The need for interdisciplinary dialogue in developing ethical approaches to neuroeducational research
David Bourget (Western Ontario)
David Chalmers (ANU, NYU)
Rafael De Clercq
Ezio Di Nucci
Jonathan Jenkins Ichikawa
Jack Alan Reynolds
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Neuroethics 5 (2):119-134 (2012)
This paper argues that many ethical issues in neuroeducational research cannot be appropriately addressed using the principles and guidance available in one of these areas alone, or by applying these in simple combination. Instead, interdisciplinary and public dialogue will be required to develop appropriate normative principles. In developing this argument, it examines neuroscientific and educational perspectives within three broad categories of ethical issue arising at the interface of cognitive neuroscience and education: issues regarding the carrying out of interdisciplinary research, the scrutiny and communication of findings and concepts, and the application of research and associated issues of policy likely to arise in the future. To help highlight the need for interdisciplinary and public discussion, we also report the opinions of a group of educators (comprising trainee teachers, teachers and head teachers) on the neuroeducational ethics of cognitive enhancing drugs, infant screening, genetic profiling and animal research.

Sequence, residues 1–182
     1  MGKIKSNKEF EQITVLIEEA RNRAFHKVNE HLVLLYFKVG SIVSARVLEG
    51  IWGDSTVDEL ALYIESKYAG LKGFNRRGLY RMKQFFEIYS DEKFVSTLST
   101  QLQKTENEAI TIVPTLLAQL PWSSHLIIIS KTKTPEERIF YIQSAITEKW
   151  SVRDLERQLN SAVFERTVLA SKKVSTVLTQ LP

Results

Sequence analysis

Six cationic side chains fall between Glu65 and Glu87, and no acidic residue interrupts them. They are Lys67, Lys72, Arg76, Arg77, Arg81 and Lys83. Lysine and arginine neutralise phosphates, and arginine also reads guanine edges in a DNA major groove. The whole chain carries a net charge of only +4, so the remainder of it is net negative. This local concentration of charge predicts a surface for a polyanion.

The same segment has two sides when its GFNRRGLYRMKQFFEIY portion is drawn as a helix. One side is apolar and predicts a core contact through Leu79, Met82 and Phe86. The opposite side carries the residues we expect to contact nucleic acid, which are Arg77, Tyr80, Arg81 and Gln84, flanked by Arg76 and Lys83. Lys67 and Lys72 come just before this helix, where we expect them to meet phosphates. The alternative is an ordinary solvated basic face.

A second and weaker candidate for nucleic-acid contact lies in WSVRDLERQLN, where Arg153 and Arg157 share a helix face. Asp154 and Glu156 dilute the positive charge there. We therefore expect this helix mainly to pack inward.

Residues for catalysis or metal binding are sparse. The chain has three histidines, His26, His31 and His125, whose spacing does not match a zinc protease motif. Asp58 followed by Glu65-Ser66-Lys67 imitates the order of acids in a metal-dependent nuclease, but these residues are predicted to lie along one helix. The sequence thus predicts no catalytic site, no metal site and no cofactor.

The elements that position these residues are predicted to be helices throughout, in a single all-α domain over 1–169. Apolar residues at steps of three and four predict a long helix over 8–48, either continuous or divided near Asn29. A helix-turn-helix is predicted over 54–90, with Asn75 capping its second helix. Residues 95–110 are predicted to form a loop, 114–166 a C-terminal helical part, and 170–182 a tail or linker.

|Keywords||Educational neuroscience Neuroeducational research Education Cognitive enhancing drugs Infant screening Genetic profiling Animal research|
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Citations of this work BETA
Cayce Hook & Martha Farah (2013). Neuroscience for Educators: What Are They Seeking, and What Are They Finding? Neuroethics 6 (2):331-341.
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